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LOTIERZO'S LOWDOWN Sonny Liston: The Most Underrated Heavyweight Champ In History

Frank Lotierzo

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0212 largeFor a couple years before he fought Cassius Clay/Muhammad Ali, former heavyweight champion Sonny Liston was thought of by some boxing insiders as being if not greater than Joe Louis, at the worst, the greatest heavyweight since Louis. Sonny destroyed everything across the ring from him on his way to his title shot against Floyd Patterson in September of 1962. And once Liston had Patterson in the ring he only needed two minutes to relieve him of his title. Then in July of 1963 he repeated the feat needing only four more seconds to dispatch a better strategically prepared Patterson. And in reality, Liston was probably three years past his prime by the time he challenged Floyd for the title.

Then Cassius Clay came along and as a 7-1 underdog and upset Sonny and the rest became history. Today, fifty years after Liston took the title from Patterson, his legacy is all but forgotten and Clay, who became Muhammad Ali after beating Liston, is regarded as the greatest heavyweight champion in history. And yes, a lot of that is based on him beating the invincible and unbeatable Liston.

As most fans know, there's a lot of speculation that Liston dumped both fights against Ali. I'm not going to go into that. Personally, despite being told different by those who were around Liston at that time, I believe an ill trained and eroded Liston lost to Clay legitimately the first time, and went into the tank for the rematch against Ali 15 months later. Also, based on their styles and physicality, Liston, who may have demolished Ali foe “Smokin” Joe Frazier and also handled the human wrecking machine George Foreman, didn't match up with Ali. Muhammad had the style, size, speed, strength, chin and mental constitution to beat Liston if both were at their best.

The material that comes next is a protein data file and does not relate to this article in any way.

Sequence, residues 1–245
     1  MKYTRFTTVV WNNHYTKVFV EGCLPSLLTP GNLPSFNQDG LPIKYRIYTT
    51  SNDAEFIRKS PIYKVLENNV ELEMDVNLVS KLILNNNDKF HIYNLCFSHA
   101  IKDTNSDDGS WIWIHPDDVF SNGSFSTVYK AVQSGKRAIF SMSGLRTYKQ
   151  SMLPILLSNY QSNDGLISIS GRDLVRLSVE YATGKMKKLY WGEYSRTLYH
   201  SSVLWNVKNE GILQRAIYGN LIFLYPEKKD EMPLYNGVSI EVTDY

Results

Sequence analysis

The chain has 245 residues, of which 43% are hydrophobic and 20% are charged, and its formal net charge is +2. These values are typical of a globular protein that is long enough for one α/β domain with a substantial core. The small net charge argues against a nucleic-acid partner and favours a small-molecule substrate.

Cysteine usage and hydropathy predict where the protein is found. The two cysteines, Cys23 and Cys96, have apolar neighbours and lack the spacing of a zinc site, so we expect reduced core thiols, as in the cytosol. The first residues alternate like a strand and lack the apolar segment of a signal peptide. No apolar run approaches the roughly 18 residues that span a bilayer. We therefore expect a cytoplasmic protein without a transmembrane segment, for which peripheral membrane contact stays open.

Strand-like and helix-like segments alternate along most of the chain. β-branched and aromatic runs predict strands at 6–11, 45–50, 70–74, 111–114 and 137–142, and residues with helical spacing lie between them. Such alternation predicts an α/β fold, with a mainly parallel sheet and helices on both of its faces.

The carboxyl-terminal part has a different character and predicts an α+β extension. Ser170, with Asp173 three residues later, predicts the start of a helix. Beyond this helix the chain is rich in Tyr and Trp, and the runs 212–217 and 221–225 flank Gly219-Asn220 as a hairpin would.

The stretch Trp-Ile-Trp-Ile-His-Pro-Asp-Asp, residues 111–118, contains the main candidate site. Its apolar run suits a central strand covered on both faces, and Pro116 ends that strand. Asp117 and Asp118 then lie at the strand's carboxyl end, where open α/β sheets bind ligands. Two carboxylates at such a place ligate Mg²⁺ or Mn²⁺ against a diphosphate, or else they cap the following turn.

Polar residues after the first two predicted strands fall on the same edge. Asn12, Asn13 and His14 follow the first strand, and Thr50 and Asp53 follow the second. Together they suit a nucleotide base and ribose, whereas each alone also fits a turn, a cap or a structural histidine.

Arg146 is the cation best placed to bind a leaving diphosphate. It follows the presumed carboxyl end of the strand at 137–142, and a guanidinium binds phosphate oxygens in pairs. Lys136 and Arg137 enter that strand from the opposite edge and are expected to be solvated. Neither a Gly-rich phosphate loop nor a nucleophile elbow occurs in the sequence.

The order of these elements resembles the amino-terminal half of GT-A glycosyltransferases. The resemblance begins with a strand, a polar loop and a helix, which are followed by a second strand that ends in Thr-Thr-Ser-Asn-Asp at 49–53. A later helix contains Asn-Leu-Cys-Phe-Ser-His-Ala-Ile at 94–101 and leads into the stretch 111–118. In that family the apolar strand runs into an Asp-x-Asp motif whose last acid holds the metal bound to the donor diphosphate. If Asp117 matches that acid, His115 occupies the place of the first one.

So in essence it's the two fights with Ali that tarnished Liston's perception and reputation. And that's wrong. For the record, Liston is one of the top five greatest heavyweight champs in history, regardless of whether you use his record and resume or you concentrate on what he brought to the ring as a professional fighter.

As a fighter, Liston could box, cut off the ring, slip the jab, parry the right and hit with both hands. He was strong as a bull, punched effortlessly and had a cast iron chin. No doubt Sonny was a born fighter. He never got wild or spaghetti armed, and he kept the pressure on. Fighters who tried to box him either lost every round or didn't survive to hear the final bell. And those who tried to take it to him, like Cleveland Williams, Nino Valdez and Mike DeJohn, were taken apart and knocked out.

Liston was also a tremendous boxer who was fundamentally sound and hard to hit. Sonny had a great left jab that he used both offensively and defensively. Everything he did started with his jab. He pressured his opponents from behind it and forced them to deal with his 84 inch reach. His jab came out straight and even when he missed, which was seldom, his usually retreating opponent was out of position to launch a counter attack. Sonny's high guard and partially extended left hand covered his center beautifully and therefore his opponents were forced to punch around his left hand when they felt the gumption to go on the attack, which made it easy for Sonny to redirect their jab and punch inside of it. And unlike every other big puncher and aggressive heavyweight, Liston had no problem moving backward when he need to.